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Blouznivci naich hor

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Wikipedia article

'Blouznivci naich hor' is a Czech novel, written by Antal Staek. It was first published in 1896. The main topic is the life in the mountains Krkonoe and spiritism (therefore the title "blouznivci" meaning "delirious men").


The novel 'Blouznivci naich hor' tells the unfortunate story of two girls, reveals the spirit believers (spiritism) and shows the time and environment in which they lived. Both stories take place close to each other in the Giant Mountains. However, their only common figure is matchmaker Bobek, an eternally drunk and illiterate loafer who unsuccessfully tries to unite Renka and Petk because of the vision of two hundred gold and the parents' pursuit of money. However, Bobek was also a member of the local spiritualist "choir of St. Wenceslas . Spiritism (belief in spirits and the arrival of a new messiah) was taken over from Germany in the Czech lands and taken as a kind of faith reform, which the church did not like).

Category:Czech novels

Category:1896 novels

The central character of the first story is Renka, a nice and pretty girl who was raised in Prague in her youth, due to the dominance of her mother miller. However, after her father's death, her mother pulled her back to the mill, but she read many world authors, especially Byron, so she was bored in the mill. However, she later fell in love with a law student, eek, and wanted to get married, but enk fell ill and soon died. Then his friend and nurse, Dr. Boukal, a pragmatic and introverted man who didn't like her, became interested in her.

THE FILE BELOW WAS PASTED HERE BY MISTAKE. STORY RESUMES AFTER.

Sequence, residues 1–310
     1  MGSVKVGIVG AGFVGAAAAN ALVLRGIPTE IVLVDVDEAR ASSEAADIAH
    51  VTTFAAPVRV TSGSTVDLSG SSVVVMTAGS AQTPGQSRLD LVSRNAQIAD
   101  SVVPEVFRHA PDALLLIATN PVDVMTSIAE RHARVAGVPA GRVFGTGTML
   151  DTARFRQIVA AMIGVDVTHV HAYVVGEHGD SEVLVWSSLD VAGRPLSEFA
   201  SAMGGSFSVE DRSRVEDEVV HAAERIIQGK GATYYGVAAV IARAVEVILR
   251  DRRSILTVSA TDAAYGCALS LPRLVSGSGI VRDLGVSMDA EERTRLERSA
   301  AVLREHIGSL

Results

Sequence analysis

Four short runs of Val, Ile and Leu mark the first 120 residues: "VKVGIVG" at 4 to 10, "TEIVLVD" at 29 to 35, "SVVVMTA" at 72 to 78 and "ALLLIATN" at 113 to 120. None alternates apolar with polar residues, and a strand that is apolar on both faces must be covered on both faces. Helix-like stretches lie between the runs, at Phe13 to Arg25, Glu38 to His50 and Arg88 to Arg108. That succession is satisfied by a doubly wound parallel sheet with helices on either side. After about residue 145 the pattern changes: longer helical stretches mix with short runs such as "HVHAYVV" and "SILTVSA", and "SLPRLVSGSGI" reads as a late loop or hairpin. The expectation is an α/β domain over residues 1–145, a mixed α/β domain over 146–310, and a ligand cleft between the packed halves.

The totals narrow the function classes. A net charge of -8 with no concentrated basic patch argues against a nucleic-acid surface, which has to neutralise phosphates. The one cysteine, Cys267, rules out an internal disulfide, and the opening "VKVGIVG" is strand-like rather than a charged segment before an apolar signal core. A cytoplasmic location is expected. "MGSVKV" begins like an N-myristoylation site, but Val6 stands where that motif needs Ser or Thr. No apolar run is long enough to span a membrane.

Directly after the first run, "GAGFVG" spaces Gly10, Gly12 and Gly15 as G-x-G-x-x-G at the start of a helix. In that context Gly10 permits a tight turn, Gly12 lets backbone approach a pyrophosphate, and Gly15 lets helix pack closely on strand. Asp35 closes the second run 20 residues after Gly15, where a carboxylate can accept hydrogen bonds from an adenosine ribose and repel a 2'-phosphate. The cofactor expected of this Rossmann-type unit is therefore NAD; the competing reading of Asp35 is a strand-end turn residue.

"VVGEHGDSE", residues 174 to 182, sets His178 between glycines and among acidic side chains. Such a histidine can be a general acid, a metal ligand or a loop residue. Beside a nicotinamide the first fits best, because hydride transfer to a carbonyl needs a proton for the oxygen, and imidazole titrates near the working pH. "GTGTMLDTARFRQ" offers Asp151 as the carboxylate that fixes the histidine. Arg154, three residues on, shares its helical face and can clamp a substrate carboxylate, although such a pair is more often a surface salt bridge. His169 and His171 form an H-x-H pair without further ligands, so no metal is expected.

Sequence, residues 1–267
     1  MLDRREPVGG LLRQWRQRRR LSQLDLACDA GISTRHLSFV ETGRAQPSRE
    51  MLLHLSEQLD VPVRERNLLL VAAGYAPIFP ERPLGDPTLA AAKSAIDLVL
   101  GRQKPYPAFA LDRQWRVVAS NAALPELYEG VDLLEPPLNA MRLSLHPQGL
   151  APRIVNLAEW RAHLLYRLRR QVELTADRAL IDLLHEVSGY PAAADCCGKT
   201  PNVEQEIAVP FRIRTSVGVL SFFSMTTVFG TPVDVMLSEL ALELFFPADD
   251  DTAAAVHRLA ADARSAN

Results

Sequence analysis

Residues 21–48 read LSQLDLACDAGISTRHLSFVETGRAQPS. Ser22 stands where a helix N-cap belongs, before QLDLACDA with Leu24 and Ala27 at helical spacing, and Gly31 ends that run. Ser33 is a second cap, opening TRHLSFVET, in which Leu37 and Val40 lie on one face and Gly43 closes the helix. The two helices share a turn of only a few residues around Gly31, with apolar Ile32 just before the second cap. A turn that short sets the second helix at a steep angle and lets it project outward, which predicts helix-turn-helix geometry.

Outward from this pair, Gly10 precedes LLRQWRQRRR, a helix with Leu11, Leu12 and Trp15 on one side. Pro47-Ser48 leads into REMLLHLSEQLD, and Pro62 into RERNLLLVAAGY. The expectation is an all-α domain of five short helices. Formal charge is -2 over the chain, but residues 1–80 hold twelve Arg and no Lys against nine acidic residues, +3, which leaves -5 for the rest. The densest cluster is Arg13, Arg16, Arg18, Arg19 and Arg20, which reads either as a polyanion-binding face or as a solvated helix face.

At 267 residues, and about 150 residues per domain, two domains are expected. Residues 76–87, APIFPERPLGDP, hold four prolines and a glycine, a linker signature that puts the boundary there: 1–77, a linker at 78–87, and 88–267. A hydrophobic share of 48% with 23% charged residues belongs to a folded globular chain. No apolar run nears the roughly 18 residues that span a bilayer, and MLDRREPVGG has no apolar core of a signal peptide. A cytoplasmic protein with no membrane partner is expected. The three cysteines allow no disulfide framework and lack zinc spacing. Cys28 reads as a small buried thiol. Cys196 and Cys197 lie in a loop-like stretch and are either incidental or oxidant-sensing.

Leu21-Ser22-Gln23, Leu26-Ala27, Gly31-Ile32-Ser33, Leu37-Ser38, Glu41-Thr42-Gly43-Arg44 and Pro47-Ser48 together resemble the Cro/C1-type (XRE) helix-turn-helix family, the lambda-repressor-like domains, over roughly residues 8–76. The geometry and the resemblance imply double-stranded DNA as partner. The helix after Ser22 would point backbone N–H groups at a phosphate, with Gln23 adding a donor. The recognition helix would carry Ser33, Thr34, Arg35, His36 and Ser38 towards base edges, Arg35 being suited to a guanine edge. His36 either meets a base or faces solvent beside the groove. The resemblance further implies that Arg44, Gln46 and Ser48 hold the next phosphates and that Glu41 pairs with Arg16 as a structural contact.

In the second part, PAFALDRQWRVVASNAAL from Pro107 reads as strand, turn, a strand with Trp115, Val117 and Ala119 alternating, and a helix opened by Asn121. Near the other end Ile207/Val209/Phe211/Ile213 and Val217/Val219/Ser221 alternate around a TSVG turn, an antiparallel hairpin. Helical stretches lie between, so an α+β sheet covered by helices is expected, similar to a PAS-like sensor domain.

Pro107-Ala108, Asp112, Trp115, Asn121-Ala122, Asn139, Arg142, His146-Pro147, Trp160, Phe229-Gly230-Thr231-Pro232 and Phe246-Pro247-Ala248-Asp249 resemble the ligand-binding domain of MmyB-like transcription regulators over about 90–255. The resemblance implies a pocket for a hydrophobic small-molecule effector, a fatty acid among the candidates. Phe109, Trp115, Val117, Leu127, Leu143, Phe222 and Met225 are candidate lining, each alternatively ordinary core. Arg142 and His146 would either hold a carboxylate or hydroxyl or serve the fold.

After a while, the son of a poor neighbor, priest Jenk, came with him. She learned from him that Jenk had secretly loved her, but he couldn't tell her, and she read from him about the blow to the head he had suffered, which was probably the cause of his madness and paranoia. However, her mother forbade her to leave the house and Jenk died soon after.

However, her mother then learned of her participation in spiritual meetings and sent her to her aunt as punishment. There, after a few months, she received a letter asking her to return home and give her parents money from the dowry, to repair the already indebted mill after the flood. Her aunt and uncle advised her not to do this and save at least herself, but she disobeyed them. After several months of litigation and persecution by creditors, everything was eventually lost and the family had to move to the aunt's vacant cottage, where the story eventually ends. Renka woke up from the dream world of books, torn by the faith of harsh reality, with which she managed to come to terms.

The second story begins with the departure of Petk, the farmer's son, from the house, because his parents do not want to allow him a relationship with the poor blacksmith daughter Frantiek. He was crazy about her, and every time he had her near her, she had him in full control. In the end, they wanted to get married because he was expecting a baby with her, but Petk was not tired enough (only 22) and his father would not let him, so Frantiek decided that they would both shoot at a rock, but she killed herself in the smithy and the crushed Petk fortunately, the parents spoke. He then tried to dispel the grief.

The work is characterized by mixing different stories and elaborating many side events that can lead to the loss of the reader in the story.

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